Banning Muslims could mean a doctor shortage in Ohio by Jacqueline Dolata and Katrice Cain

1 in 14 Ohio physicians are from Muslim-majority nations

For more than 200 years, talented people from around the world have come to Ohio to make a life and career here. Those newcomers have often greatly improved our communities. It’s hard to overstate how much immigrants shaped parts of Ohio – in 1910 more than half of Cleveland’s residents were immigrants or children of immigrants.

Today Ohio has fewer immigrants, but we still look to immigrants to fill certain roles in our economy. One perhaps surprising one? Ohio does not have enough doctors, particularly in some rural communities and in some lower-paid primary care roles. Immigrants help fill that gap.

We looked at a random sample of 500 Ohio physicians and found that seven percent were born in Muslim-majority nations. One in fourteen Ohio doctors, then, come from countries that could be subjected to a broader version of the Muslim ban that President Trump issued as an executive order in January. The ban was blocked by the Ninth Circuit Court of Appeals in early February, but Trump has vowed to put in place a similar policy.

Suha Abushamma, a Cleveland Clinic physician originally from Sudan, was flying home to Cleveland in late January and was caught in the ban, forced to leave New York’s Kennedy International and return to Saudi Arabia. She’s since returned and been welcomed back by Clinic doctors and patients. But her case made us, researchers at the Case Western Reserve University Center for Health Equity Engagement Education and Research, interested in exploring how a travel ban directed at Muslim-majority countries could affect the physician workforce in Ohio.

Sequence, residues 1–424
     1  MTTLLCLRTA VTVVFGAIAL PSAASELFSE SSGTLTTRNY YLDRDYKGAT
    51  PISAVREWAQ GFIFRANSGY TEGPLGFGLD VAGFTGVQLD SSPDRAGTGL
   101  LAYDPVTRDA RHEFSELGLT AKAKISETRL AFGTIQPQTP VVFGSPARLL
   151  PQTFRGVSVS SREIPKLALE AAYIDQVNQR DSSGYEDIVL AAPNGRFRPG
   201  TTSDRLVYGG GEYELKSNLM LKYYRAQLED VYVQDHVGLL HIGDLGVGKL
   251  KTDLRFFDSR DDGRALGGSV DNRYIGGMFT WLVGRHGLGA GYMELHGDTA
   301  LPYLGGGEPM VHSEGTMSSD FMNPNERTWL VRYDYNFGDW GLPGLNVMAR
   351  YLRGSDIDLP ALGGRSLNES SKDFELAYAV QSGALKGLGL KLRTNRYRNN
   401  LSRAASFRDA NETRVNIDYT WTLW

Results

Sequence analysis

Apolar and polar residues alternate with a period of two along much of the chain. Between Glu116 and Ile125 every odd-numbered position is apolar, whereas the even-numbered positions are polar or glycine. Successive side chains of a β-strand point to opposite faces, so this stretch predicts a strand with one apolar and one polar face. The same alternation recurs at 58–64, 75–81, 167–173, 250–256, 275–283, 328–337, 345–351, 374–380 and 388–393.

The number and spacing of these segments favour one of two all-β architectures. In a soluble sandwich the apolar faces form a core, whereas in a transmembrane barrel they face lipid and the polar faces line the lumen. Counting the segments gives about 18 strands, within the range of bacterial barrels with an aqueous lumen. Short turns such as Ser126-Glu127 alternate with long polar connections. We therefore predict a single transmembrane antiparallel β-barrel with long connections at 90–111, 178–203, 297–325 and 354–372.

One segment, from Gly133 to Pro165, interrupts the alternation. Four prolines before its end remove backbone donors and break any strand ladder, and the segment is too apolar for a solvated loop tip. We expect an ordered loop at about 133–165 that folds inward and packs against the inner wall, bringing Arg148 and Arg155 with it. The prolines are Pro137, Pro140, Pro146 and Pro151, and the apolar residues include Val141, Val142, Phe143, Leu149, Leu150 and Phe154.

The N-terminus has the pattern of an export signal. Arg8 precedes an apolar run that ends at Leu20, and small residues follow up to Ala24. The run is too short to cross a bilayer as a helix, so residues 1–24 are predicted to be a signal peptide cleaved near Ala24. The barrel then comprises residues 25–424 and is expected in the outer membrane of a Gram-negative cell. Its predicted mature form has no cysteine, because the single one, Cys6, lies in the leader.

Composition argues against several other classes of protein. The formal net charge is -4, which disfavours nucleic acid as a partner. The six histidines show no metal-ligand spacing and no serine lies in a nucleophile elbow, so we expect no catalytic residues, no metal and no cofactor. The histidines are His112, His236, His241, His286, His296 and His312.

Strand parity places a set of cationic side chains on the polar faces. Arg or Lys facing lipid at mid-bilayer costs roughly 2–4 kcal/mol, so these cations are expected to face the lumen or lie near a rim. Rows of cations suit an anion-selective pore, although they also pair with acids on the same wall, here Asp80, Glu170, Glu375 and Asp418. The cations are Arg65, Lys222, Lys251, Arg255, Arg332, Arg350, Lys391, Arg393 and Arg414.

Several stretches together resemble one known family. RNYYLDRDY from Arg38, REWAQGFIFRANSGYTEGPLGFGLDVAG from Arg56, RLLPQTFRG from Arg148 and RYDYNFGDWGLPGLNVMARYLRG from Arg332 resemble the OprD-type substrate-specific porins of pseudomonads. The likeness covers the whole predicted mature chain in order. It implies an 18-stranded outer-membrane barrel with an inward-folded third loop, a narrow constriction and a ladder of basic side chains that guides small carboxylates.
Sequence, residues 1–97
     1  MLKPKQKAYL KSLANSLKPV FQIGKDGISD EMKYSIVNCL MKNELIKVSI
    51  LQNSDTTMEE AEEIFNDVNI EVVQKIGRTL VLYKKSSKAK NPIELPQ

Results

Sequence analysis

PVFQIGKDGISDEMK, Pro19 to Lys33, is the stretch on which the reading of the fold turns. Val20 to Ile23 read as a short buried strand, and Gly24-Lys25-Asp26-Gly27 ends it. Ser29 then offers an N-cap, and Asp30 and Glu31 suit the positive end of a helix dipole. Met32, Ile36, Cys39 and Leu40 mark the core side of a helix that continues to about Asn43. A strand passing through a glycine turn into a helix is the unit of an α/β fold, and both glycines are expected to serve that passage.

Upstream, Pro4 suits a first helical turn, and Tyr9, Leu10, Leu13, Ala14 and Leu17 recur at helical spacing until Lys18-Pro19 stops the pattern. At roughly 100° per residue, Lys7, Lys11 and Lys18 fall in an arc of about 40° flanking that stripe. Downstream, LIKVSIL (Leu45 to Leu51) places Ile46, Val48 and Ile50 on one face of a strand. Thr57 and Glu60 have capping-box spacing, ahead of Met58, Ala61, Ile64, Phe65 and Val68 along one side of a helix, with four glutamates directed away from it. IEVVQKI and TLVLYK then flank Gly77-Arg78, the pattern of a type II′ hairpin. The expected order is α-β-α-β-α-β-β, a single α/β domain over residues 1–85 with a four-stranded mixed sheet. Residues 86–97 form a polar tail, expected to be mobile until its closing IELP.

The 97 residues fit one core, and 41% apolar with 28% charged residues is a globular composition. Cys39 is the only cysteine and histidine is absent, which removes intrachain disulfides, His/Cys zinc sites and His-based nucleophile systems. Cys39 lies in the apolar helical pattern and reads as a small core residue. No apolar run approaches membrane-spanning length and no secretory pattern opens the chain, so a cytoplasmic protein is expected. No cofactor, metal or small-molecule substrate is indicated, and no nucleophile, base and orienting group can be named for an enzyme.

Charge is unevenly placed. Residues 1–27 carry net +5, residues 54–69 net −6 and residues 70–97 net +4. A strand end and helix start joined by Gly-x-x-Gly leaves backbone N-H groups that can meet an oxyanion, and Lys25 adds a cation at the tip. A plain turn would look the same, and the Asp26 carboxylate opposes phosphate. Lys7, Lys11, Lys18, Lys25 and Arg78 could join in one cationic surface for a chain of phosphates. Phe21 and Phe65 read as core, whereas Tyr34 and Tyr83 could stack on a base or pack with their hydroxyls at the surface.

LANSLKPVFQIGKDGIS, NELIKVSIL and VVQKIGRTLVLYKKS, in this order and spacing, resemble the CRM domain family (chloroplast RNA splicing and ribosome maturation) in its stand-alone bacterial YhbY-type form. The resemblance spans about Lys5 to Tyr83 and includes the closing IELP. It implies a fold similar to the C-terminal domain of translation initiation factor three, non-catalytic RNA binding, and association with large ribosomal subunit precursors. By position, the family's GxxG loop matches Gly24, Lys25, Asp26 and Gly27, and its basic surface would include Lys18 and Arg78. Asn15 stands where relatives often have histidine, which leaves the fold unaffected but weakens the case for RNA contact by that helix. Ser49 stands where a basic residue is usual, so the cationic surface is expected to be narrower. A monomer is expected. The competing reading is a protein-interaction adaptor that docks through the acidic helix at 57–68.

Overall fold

Only 1 percent of Ohioans are Muslim. But a travel ban from Muslim-majority countries could hurt many other Ohioans, because such a high share of these immigrants are doctors. Immigrant doctors are particularly helpful in filling physician gaps in underserved rural areas – one in ten Ohioans lives in an area with a doctor shortage. Our sample was too small to measure geography or specialty but recent national analysis found that physicians from other countries were more likely to practice in rural areas and in lower-paying specialties such as internal medicine and psychiatry. (

Right now, hospitals are preparing to rank physicians for incoming residency spots.  Despite statements decrying the ban and celebrating physician diversity from the American College of Physicians and many hospitals, immigrant doctors are concerned. If medical students and residents fear that they, like Dr. Abushamma, could be detained, sent home, or not welcomed, they will be less likely to come to the US.

We need physicians especially in rural areas and in primary care.  Some medical schools, including those in Ohio, offer free or discounted tuition if graduates commit to a period of work in rural or primary care settings. Even this has not solved the problem.  Instead, we have relied on international physicians, often requiring redundant training and licensure just to practice where many American-born physicians will not.

Ohio needs doctors. Doctors from Muslim-majority countries have responded to that need. It seems likely that a Trump travel ban will turn that win-win into a loss.

ethodology: Using the database of active Ohio MD licenses from, we created a random sample of 500 physicians. The Ohio License Center database (, provided country of origin, which we matched with a Pew Research Center Forum on Religion & Public Life identifying Muslim share of population. We found that 7 percent of active physicians (one in fourteen) come from Muslim-majority nations. 


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